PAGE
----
They’re accessible. A set of resistance bands typically includes light, medium, and heavy options, which refers to how difficult the bands are to stretch. They usually cost about $25 — much less than investing in free weights for your home, or a gym membership. If you don’t already have bands at home, they’re usually easy enough to get.
Best Resistance Band Shoulder Exercises and Stretches
One major benefit of resistance band shoulder exercises is that you can easily add them to your existing workout routine — no expensive gadgets or gym membership is required. Here are some moves most highly recommended by Hinge Health physical therapists you can start with. Aim to complete three sets of 12-15 reps per exercise. You can start with a lighter resistance band and move on to a heavier one as you build strength and flexibility.
The information contained in these videos is intended to be used for educational purposes only and does not constitute medical advice or treatment for any specific condition. Hinge Health is not your healthcare provider and is not responsible for any injury sustained or exacerbated by your use of or participation in these exercises. Please consult with your healthcare provider with any questions you may have about your medical condition or treatment.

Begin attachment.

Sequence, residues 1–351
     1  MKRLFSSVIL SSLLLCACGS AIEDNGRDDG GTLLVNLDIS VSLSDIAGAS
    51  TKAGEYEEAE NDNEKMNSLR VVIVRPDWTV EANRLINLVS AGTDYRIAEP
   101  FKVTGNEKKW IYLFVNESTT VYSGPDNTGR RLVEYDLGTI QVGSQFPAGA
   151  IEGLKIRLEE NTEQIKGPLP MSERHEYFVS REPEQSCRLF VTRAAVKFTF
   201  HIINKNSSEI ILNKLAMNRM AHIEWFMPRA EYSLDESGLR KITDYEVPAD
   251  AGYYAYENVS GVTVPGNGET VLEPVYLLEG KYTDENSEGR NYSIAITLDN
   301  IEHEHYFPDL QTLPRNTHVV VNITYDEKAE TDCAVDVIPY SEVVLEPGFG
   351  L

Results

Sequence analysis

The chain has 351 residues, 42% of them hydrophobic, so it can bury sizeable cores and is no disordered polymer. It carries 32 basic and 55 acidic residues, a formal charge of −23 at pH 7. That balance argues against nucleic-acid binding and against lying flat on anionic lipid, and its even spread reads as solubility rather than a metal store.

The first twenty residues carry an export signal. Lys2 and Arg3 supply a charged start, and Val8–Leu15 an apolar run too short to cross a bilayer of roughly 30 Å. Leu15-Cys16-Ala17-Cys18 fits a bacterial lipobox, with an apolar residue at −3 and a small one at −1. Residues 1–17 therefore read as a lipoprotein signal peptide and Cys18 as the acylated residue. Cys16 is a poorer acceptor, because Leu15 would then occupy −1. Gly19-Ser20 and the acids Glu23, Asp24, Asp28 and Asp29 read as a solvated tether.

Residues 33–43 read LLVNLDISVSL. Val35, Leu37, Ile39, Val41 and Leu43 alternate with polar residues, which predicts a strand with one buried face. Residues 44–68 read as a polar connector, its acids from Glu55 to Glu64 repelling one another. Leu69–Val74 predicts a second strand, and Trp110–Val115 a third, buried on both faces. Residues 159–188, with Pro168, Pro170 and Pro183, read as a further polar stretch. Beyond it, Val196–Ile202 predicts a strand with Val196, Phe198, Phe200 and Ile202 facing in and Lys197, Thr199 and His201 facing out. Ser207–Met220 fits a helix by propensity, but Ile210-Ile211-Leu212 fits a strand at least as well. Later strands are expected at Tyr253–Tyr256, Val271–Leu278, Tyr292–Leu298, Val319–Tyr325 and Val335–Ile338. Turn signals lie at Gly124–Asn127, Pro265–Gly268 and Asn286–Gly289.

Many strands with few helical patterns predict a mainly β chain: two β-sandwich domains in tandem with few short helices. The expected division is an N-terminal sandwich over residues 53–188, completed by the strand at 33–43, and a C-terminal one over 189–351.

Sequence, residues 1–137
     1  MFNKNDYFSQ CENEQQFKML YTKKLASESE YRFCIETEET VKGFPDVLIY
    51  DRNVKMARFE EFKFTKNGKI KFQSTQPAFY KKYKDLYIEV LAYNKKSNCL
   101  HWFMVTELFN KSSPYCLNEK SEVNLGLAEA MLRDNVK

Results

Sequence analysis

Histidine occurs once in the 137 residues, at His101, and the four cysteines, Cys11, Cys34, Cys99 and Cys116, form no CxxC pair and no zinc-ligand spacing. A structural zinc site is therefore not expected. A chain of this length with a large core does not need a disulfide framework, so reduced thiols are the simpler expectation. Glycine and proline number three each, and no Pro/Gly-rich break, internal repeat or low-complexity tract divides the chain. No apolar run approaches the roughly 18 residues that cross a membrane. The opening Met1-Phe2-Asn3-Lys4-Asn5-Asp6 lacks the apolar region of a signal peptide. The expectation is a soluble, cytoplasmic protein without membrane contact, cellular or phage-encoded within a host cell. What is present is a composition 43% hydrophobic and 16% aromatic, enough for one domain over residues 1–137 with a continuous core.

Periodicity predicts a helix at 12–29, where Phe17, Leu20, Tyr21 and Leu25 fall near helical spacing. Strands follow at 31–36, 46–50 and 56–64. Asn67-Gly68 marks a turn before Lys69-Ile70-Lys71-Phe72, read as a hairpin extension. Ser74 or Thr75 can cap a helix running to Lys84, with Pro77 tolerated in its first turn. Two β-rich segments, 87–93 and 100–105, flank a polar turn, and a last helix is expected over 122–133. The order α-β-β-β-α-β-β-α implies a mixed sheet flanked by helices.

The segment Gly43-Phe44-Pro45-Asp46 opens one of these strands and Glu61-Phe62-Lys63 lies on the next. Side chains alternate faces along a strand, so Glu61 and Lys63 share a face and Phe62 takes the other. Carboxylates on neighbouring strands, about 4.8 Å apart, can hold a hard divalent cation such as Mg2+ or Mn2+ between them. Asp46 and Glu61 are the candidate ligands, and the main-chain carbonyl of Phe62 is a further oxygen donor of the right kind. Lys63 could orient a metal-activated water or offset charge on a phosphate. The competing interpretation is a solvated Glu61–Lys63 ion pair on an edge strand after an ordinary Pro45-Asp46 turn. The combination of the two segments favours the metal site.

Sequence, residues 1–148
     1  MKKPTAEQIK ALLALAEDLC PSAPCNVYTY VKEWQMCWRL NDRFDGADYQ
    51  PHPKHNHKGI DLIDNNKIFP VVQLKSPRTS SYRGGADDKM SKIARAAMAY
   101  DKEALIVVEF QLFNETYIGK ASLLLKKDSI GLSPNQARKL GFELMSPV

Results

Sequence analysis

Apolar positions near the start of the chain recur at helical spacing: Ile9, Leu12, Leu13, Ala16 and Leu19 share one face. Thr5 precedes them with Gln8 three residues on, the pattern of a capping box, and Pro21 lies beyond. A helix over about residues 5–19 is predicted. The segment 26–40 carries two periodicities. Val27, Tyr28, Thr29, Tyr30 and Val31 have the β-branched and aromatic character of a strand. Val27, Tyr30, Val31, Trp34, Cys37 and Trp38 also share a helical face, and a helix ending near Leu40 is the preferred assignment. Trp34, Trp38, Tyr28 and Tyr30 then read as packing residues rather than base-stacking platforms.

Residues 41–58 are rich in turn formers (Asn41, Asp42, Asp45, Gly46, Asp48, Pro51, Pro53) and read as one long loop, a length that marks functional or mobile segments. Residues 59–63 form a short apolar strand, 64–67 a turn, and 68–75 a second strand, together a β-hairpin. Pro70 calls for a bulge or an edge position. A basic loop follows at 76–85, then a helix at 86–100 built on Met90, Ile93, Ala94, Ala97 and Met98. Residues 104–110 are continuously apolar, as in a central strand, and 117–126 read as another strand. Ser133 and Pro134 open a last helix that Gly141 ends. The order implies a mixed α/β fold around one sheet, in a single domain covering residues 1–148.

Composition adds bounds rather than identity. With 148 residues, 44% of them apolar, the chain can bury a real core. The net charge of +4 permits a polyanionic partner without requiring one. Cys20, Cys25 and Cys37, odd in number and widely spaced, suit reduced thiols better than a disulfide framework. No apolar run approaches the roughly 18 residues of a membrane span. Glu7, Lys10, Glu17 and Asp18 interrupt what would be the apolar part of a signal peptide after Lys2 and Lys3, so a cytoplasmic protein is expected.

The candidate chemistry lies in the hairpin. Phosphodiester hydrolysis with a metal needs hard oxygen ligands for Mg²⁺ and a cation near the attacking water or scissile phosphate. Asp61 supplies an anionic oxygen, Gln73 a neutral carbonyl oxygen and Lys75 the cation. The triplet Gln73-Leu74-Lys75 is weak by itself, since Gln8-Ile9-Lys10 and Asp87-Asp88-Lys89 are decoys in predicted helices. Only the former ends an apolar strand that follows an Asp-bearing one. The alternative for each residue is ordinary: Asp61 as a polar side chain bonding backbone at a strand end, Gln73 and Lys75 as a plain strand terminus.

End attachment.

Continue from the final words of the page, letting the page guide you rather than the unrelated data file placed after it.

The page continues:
PT Tip: Check-In on Your Bands
“Many people are surprised to learn that resistance bands do have a shelf life,” says Dr. Stavale. Most resistance bands made from natural rubber can last anywhere from six to 10 months before they start to show signs of wear and tear. Synthetic bands may last longer — up to two years. Still, Dr. Stavale recommends inspecting your resistance bands frequently for cracks and tears. And remember: a little TLC can go a long way. For example, “try to avoid leaving them in direct sunlight for long periods since this can weaken bands and make them more likely to break,” she says.
Learn More About Hinge Health for Shoulder Pain Relief
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This article and its contents are provided for educational and informational purposes only and do not constitute medical advice or professional services specific to you or your medical condition.
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Rio, E., Kidgell, D., Purdam, C., Gaida, J., Moseley, G. L., Pearce, A. J., & Cook, J. (2015). Isometric exercise induces analgesia and reduces inhibition in patellar tendinopathy. British Journal of Sports Medicine, 49(19), 1277–1283. doi:10.1136/bjsports-2014-094386
Picha, K. J., Almaddah, M. R., Barker, J., Ciochetty, T., Black, W. S., & Uhl, T. L. (2019). Elastic Resistance Effectiveness on Increasing Strength of Shoulders and Hips. Journal of Strength and Conditioning Research, 33(4), 931–943. doi:10.1519/JSC.0000000000002216
Song, K. J., Yoon, J. H., & Oh, J. K. (2020). Effects of Scapular Kinetic-Chain Exercise on Muscle Activity in Overhead-Pitching Baseball Players. Iranian Journal of Public Health, 49(5), 875-885.